On the first day, the brutal light breaks the reassuring cocoon of the interior night. The eyes, long familiar with the reassuring darkness of the mother’s lair, hesitate to open up to this new world. For some time yet, nature protects him with a veil. It attenuates the vividness of colors, the threat of moving forms, the violence of the meeting of shadow with light. Immersed in this partial blindness, the born child feeds on the other awakened senses; he builds a subjective and poetic visual universe.
Reality is slowly emerging over the weeks. The blurred contours become clearer. So the world reveals itself as it is in the ambivalence of its cruelty and its humanity.
The Iranian Islamic Revolution changed the eyes of two brothers, Manoocher Deghati and Reza. Immersed in the heart of the shattered dream of a betrayed Revolution and the chaos it generated, she gave birth to them as photojournalists. Since then, here and there, they have been bearing witness to raw barbarism in constant search for traces of a manhandled mankind.
In the Iran of the carefree past, trained in the colorful arabesques of the Persian carpets and the epics of the Book of Kings by the poet Ferdowsi, Manoocher and Reza choose very young, to tell their world in pictures. Using a camera donated by their uncle, they found their pen. The film then became a blank writing page on which they learne by themselves to write with light. They discovered themselves visual explorers. From this period of initiation, there are still a few black and white prints.
As adults, a restrained breeze made the air in the first months of 1978 in Iran quiver. The rare attentive and enlightened observer understands that a storm will cross the country and overturn the order of the world. Behind the scenes, the actors are agitated. Opponents are joining forces. A new era is well worth some temporary ideological compromises. In this chess game, the foreign powers, makers of kings and pariahs advance their pawns, praising Khomeini to the skies, and heaping opprobrium on the Shah of Iran. Over the months of this pivotal year, we hear the roar of the crowd. It massively invades the streets and places of its hopes. It braves repressions, bans and lethal army shootings. One day, Reza hears the cries of angry demonstrators: “Marg bar Chah!”, “Down with the Chah!”. He is at the window of the architectural firm in which he works. He sees a student running while taking pictures of the scene. Reza is in shock. He has a revelation: the camera is not only a means of expression but also a tool of testimony. He takes three days off and will never return. In Rome, Manoocher follows with passion the events which agitate his country. He sees the joy of an era of change. He is divided between his desire to become a film director that keeps him in Rome and that, even more imperative, of being present at this turning point in history. Khomeini’s return in February 1979 decided him. Upon arriving in Tehran, he seized a camera.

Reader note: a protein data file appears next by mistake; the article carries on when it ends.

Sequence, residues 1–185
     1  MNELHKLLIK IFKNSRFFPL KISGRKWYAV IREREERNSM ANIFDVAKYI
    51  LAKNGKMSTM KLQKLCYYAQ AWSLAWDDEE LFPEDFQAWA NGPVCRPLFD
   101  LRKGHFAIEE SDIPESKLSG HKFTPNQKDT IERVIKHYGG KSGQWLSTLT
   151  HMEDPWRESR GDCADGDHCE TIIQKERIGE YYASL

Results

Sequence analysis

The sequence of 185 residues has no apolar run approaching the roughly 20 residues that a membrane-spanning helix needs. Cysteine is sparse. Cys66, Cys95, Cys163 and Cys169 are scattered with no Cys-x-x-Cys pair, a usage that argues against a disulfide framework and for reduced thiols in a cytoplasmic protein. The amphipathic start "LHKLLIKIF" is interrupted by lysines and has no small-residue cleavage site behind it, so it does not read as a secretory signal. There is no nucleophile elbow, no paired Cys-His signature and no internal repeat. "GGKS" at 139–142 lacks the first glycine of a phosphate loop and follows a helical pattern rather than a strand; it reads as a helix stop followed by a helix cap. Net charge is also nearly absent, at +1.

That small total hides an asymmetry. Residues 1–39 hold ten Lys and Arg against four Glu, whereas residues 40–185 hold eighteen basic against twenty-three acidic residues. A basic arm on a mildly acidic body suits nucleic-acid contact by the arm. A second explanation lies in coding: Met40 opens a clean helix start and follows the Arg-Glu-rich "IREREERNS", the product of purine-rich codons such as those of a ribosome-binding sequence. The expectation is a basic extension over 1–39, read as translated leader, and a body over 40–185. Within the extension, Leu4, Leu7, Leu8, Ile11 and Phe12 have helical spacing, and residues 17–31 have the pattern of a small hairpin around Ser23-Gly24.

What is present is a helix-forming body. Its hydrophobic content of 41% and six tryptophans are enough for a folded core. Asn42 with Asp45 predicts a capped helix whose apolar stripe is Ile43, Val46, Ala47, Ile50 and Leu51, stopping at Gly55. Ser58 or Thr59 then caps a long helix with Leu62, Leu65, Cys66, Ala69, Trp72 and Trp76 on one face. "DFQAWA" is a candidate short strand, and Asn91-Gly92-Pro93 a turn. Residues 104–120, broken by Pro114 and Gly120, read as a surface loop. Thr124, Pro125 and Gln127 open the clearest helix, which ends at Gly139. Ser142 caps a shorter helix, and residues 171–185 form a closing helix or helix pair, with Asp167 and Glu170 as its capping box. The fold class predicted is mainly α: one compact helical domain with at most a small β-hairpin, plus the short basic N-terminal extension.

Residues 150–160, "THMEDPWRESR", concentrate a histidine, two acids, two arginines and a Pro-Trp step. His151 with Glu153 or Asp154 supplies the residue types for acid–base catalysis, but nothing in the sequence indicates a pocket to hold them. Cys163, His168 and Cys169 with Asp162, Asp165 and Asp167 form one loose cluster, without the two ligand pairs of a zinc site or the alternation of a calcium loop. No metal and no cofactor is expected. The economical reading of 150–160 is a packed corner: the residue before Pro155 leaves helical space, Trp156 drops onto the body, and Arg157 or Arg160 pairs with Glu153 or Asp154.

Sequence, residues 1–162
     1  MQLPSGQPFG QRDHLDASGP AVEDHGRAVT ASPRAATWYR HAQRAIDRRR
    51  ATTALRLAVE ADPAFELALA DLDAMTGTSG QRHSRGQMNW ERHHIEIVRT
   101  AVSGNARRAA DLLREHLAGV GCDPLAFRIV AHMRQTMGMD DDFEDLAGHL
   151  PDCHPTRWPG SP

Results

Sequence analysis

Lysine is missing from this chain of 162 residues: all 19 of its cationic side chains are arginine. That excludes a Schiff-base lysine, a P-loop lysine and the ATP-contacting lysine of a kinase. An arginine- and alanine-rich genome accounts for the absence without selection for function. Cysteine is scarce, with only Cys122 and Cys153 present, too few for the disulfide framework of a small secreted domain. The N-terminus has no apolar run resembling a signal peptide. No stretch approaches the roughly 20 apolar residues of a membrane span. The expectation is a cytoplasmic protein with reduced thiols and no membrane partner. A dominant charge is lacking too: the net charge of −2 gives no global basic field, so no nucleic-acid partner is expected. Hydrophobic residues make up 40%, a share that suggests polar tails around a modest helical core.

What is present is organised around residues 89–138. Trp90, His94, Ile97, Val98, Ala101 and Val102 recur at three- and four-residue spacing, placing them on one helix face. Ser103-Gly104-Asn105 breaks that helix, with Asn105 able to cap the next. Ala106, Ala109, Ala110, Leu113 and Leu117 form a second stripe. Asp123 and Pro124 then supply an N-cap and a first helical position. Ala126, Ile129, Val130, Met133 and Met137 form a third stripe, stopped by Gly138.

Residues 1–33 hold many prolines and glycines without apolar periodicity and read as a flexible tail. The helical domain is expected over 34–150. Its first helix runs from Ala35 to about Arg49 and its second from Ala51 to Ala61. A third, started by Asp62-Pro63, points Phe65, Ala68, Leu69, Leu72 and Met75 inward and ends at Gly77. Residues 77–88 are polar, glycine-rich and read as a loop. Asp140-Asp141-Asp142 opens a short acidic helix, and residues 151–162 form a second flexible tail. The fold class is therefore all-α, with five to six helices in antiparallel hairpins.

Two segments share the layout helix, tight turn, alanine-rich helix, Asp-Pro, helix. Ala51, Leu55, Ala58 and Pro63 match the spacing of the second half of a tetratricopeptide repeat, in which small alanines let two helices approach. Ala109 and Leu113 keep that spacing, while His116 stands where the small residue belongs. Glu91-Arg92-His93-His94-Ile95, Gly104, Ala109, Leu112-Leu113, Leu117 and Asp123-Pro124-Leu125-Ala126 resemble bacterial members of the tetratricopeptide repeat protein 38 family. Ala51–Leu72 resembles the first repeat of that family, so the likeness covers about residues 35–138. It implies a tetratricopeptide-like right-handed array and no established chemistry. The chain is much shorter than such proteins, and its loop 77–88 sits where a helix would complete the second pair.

The Islamic Revolution which agitated their country, diverted them from their primary vocation of filmmaker and architect and revealed them photoreporters animated by an insatiable duty to witness. Reza and Manoocher covered the different faces of the Revolution. It all starts with a collective jubilation. They observed the gradual shift of society towards instability, chaos, violence, collective hysteria, repression against women and opponents, public executions, the abuses of the mullahs ’regime. They shared the events to be covered, from the hostage-taking of the American embassy to the armed conflicts against the Turkmen, Baluchi, Khuzestan and Kurdish minorities until the war between Iran and Iraq. The media of the world discovered through the images of the two brothers, the impact of their visual narration. So, years of testimonials opened for the biggest media. They collaborated with Times, Newsweek, Agence France Presse, Life and Paris Match magazines, Stern and many other publications. Their photographs revealed a face of the complex realities of a people bruised by an Islamic Republic which does not keep its promises of social justice or peace. Reza in 1981 and Manoocher in 1985 were victims of the parution of their images in the international media, and forced into exile to save their lives.
Several decades after Iran’s departure, on the sometimes difficult path of exodus, exile to these welcoming lands of refuge, remains the refuge in which Manoocher and Reza strive to continue to build and live. In each of them remains the memory of the lost country. And if the taste for freedom inhabits them, their soul retains the discreet trace of a physical and intellectual crack in the mourning of their land. Each stopover on this homelessness gave the two brothers another richer dimension. Having become eminent personalities in the world of photojournalism, each continued their journey as a witness through images. From nowhere and everywhere, from here and elsewhere, they have taken on the concept of universality and the world has become their home.
Reza et Manoocher Deghati : Iran, Rêves et Dérives
288 pages / 22 x 25 cm / 39 €
ISBN : 9782842307301